There is a topic that I particularly liked a lot when I studied it and understood it, because it is something that is very common in all human beings when something is not going well in our body, it is a warning that tells us "be careful, pay attention ", and this is pain..
To understand this topic it is important to keep in mind the functioning of our nervous system (roughly), additionally the structure of the cells, at least of the parts involved in the process of pain generation. But don't worry, below I will share with you some very easy to understand information and I know you will like to stay with the knowledge that you will acquire.
Let's understand the mechanism of pain production and additionally how the most commonly used analgesic drugs work to reduce the sensation of pain.
In the following image you can see in a schematic way- muscle cells (it can be any other type of cell) and near them sensitive nerve fibers, which are in charge of perceiving any type of injury and transmitting the information to the brain so that this central organ processes it and emits a reaction.
It is important to note that in the cells there is an enzyme (macromolecule) called Cyclooxygenase that is in charge of producing a substance called "prostaglandin ", this substance is produced when there is some type of injury and it is the one that activates the sensory fibers of pain so that they communicate to the brain.
Then the process would be the following: when an injury occurs at the level of any part of the body (blow, burn, wound, etc) the cells that are located there will activate the enzyme cyclooxygenase that will produce the prostaglandin inside the cells, later this substance will be released to the extracellular space, which is where the sensory neurons are located, which will be activated and will send the signal to the brain saying that there is a damage in process, so that it sends the signal that will make us withdraw the hand, the foot, or whatever is being damaged from what is producing the damage.
This is a process that takes place in a matter of milliseconds, the speed is very high, that is why at the slightest sensation we tend to react.
I have to say a few things in a general way:
There are different types of sensory nerve fibers for pain, some are fast pathways, that is to say that the transmission of pain is immediate. But there are also slow fibers, that is why sometimes we hit something, and the pain intensifies later, a few seconds later.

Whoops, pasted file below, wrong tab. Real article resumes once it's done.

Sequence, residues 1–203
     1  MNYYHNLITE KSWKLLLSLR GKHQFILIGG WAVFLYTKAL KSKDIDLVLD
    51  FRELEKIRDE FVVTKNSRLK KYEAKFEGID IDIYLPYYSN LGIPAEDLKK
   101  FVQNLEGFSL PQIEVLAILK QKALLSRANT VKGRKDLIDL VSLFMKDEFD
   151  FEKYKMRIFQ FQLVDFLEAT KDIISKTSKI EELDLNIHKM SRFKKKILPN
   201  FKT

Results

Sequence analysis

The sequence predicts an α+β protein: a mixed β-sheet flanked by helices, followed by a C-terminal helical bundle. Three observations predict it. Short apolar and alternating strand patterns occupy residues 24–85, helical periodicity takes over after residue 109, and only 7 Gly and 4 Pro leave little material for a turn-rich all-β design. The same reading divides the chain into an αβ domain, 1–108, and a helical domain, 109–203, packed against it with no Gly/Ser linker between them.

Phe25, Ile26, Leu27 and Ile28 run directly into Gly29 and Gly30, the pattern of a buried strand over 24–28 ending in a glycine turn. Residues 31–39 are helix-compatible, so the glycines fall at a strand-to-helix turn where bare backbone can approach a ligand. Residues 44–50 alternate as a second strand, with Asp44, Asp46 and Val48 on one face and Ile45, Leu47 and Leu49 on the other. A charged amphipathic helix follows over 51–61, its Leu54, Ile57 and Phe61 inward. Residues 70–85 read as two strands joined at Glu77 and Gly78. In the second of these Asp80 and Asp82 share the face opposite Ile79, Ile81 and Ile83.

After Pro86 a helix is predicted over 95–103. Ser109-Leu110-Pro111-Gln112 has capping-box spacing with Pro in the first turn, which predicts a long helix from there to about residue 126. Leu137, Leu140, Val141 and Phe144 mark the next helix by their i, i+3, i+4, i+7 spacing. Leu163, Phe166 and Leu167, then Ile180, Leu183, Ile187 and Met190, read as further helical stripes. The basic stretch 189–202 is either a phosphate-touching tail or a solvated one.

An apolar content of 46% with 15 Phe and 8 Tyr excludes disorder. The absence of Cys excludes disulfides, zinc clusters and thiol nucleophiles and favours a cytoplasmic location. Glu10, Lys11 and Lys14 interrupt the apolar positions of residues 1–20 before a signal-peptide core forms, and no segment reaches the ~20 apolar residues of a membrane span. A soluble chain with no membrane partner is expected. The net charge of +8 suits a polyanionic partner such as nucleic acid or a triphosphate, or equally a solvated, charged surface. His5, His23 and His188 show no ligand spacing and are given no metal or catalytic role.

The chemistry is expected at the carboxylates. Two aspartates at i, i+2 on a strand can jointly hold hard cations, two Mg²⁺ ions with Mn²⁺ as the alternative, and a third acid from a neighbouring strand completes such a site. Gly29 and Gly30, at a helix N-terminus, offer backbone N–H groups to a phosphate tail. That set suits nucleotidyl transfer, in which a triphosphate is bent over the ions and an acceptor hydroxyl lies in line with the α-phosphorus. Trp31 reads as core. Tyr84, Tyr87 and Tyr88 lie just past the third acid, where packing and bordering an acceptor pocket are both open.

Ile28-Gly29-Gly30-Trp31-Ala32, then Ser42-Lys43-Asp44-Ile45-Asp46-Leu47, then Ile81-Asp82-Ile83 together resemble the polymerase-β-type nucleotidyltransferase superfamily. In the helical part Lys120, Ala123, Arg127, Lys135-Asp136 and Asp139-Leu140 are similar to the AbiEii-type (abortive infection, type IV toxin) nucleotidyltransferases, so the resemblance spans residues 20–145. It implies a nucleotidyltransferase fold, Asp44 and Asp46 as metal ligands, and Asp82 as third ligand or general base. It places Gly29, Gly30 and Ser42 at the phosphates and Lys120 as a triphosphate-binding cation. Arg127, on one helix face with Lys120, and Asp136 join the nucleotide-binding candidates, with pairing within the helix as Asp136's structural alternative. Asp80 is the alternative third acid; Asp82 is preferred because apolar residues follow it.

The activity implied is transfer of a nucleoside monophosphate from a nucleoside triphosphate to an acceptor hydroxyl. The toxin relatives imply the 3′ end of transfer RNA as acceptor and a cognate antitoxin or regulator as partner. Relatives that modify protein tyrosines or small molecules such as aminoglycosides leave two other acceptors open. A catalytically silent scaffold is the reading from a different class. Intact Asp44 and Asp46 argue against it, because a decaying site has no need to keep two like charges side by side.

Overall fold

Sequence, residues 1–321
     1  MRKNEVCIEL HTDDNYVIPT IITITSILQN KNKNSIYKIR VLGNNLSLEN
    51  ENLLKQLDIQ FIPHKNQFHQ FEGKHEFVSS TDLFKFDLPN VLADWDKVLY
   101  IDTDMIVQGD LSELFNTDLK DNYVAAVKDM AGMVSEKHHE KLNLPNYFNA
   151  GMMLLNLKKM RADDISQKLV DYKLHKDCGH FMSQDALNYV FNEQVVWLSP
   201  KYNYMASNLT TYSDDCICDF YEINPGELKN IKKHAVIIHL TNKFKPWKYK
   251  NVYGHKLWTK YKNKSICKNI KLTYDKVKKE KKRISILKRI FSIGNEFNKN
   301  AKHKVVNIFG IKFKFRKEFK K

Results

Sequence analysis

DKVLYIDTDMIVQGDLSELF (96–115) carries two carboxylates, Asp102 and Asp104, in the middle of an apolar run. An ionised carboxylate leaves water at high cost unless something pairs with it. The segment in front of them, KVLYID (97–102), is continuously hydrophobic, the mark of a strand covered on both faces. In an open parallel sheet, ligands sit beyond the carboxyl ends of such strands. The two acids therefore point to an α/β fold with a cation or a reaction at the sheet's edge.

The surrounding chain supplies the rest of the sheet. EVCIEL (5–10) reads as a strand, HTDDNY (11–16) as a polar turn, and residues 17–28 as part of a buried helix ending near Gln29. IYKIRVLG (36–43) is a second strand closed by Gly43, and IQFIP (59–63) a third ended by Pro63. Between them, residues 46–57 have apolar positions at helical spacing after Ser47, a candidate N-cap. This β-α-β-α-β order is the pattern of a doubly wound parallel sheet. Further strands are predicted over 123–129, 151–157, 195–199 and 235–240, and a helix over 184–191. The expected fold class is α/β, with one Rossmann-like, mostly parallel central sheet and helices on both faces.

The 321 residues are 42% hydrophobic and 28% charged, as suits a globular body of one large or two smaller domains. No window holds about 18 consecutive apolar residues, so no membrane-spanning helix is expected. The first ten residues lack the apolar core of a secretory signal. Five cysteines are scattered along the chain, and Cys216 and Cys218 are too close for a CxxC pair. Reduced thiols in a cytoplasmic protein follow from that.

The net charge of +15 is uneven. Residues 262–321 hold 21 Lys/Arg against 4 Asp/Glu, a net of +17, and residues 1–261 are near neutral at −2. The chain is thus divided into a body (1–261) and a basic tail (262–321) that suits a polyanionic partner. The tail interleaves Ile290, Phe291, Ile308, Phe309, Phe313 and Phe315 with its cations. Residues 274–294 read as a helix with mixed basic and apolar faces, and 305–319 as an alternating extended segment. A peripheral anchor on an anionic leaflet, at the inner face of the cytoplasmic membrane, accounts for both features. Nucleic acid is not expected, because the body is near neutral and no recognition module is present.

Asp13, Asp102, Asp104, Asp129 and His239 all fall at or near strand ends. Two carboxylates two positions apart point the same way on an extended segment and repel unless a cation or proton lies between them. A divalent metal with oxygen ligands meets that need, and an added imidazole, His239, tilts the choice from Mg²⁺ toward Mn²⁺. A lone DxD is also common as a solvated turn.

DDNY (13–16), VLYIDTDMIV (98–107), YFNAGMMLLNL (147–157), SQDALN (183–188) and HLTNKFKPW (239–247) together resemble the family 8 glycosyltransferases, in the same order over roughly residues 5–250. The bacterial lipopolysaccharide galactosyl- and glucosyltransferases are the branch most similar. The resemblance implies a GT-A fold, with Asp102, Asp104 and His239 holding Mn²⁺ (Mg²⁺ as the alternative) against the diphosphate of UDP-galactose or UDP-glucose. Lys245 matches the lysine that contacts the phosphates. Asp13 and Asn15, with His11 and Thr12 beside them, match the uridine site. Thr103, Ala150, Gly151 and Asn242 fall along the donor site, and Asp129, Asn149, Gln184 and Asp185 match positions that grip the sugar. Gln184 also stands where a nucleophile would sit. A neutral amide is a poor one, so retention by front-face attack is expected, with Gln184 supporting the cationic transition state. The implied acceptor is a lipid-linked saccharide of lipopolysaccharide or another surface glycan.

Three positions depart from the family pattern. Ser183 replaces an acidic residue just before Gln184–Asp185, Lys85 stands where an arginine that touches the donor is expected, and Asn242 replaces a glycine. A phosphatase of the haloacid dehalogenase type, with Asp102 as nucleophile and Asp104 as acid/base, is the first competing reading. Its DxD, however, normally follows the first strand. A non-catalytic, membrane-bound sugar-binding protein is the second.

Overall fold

There are pain fibers throughout the body, but they are not activated for the same reason. For example: at the level of the intestine, these fibers are activated only when this hollow organ is distended. That is the reason why when we have a lot of gas, that the intestine is distended is that we feel pain, not before.
At the level of the skin, the nerve endings that perceive pain are basically in the middle layer. When a very deep burn occurs, the sensation of pain is usually lost, Why?, what happens is that the nerve endings are burned and there is no one to transmit the information to the brain, that is why people with very extensive and very deep burns lose the ability to feel pain.
An interesting fact, the brain does not hurt, when we feel a headache it generally comes from the muscles located in the head, obviously on the outside, or by distension of the blood vessels, but not from the brain itself, since the brain processes the information, but it does not have the pain receptor cells, did you know that?, you already know.
I hope it is very clear the process and these generalities that I have explained so far. I must also say that at a biochemical level the reality is that it is a very complex process, in which other cellular systems are involved in order to execute the fact of "transmitting pain ", but I have tried to simplify the process to make it much easier to visualize.
The other thing I offered in the introduction to this publication was to explain the process by which drugs help us to relieve pain. I can safely say that among the most commonly used analgesics are ibuprofen, diclofenac and acetaminophen.
With the first ones something happens, a very important adverse effect, and that is that they usually cause gastritis and even ulcers when the consumption is very constant.
I mentioned that the Cyclooxygenase is in charge of producing prostaglandin, the detail is that there is cyclooxygenase-1 and .2, they are similar but have different functions. The one involved in the painful process is the cyclooxygenase-1, but the -2 has an important role in the production of one of the key components in the protection of the gastric mucosa.
When we take a medication such as ibuprofen or diclofenac, what they do is that they BLOCK the cyclooxygenase and prevent it from producing prostaglandin, which prevents the pain from manifesting itself and also, if the pain is already present, it decreases as the production of prostaglandin stops. As simple and complex as that.
And this same medication paralyzes the function of cyclooxygenase-2 (which produces the substance that protects the gastric mucosa), and that is when our stomach is unprotected and exposed to the appearance of gastritis and ulcers. But nowadays we have drugs that can be specific to block the function of cyclooxygenase -1 and not -2, such as Meloxicam, which relieves pain but does not affect the stomach.
I hope you have enjoyed this publication, I have created it looking for simplicity.
With all the intention that it will be of much benefit to those who like to read it. Any comments or suggestions are welcome.
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